What we can learn about renewable energy from Australia

two australian women, one in a hat

Australian women always seem to follow the sun.

With a bounty of sun, the giant island nation and continent of Australia is landlocked. Like any island nation that is restricted from movement because of political or territorial disputes, nations like Australia, Switzerland or Israel learn that they need to be self-sufficient and fend for themselves. 

They create a local and sustainable food supply, support basic industries like paper and supplies, meet their needs by creating a federal water system that does not rely on another country; and by creating a power network and grid that does not rely on Middle East oil that may or may not be embargoed if a nation feels like it. 

If we look to successful countries in the world we see the hopeful ambitions of countries like Israel which is blessed with an enormous amount of sun and yet its renewable energy output remains low at about 5%, mostly all of it provided by solar panels. Israel prides itself on being more green energy producer by tapping into its newly drilled natural natural gas fields in the Mediterrean Sea

Environmentalists know that natural gas though cleaner than oil is not really a green energy source and neither is hydroelectric energy. One country that has been setting real renewable energy goals it can meet is Germany. They have set the model for the western world on how it can be done –– until Australia came speeding by.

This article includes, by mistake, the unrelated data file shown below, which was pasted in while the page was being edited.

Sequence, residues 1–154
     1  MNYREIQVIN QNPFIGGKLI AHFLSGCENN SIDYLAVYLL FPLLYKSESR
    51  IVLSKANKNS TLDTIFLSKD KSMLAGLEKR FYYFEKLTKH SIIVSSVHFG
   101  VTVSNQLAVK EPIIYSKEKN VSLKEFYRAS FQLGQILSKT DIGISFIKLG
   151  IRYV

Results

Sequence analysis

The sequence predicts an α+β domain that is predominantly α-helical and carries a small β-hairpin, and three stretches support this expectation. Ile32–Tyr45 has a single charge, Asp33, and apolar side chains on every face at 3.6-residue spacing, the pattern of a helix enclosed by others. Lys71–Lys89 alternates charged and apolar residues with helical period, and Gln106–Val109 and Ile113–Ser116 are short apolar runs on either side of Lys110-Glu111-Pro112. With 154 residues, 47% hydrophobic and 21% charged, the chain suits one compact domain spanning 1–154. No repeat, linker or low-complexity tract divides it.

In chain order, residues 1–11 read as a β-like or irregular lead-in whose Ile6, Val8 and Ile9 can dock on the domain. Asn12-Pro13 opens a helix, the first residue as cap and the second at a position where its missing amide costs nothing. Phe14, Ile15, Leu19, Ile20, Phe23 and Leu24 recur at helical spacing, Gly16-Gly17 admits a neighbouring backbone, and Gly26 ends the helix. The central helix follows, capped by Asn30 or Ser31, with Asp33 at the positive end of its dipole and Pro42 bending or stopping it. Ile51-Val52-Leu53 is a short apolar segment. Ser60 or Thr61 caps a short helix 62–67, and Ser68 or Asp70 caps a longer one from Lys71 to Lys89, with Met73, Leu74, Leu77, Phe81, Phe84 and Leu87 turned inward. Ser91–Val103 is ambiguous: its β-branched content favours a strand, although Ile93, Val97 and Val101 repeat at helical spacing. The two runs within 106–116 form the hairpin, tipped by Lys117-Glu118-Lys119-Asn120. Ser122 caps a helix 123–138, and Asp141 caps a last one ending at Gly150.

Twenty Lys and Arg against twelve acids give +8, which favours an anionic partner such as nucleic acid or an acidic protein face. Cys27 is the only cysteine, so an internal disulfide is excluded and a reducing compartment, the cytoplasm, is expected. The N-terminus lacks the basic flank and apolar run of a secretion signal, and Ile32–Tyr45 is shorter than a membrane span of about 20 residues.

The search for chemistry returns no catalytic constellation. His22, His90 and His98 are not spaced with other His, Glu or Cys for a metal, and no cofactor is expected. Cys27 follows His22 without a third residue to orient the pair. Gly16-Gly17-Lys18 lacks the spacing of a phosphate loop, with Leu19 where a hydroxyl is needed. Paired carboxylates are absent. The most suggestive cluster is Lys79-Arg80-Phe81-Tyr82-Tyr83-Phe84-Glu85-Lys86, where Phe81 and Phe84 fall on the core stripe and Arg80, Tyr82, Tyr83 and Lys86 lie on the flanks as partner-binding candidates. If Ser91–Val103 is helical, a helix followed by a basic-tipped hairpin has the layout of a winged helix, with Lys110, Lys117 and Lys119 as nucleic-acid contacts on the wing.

Australia is by far the world leader in adopting and implementing renewable energy in the last few years. Renewable energy in Australia is growing at a per-capita rate (that means per person) at a rate that’s 10 times faster than the world average. 

Now more than ever –– as we sit at home to work and play on the Internet at scales never before seen on the planet –– we need to be mindful about how our data is served. Consider Australia’s Cyxtera. It is the first data centre in Asia-Pacific to employ solar power as a renewable energy source. A very important idea to consider as we engage in online learning, Zoom meetings, or play the luck of the draw with any online casino in Australia

It is estimated that between 2018 and 2020 Australia will have by the end of this year installed more than 16 GW of solar energy and wind energy which is equaling an average of 220 watts per person per year which is 3 times faster than what Germans are doing.  Well, Australia does have endless sun…

Some key points about Australian renewable energy: 

  • A dramatic increase in the production of large-scale solar energy farms made up about half of the new energy renewable energy that was accounted for in 2018
  • There was a 10-time increase in solar farm construction 2017 to 2018 Solar energy accounted for 5.2% (or 11.7 TWh) of Australia’s total electrical energy production (227.8 TWh) in the year 2018
  • In 2018, Australia’s wind farms produced 33.5 percent of the nation’s clean energy and supplied 7.1 per cent of Australia’s overall electricity. 
  • Some 850 MW of wind energy was installed in 2018, making it the best ever year for installed wind farm capacity. Go Australia!
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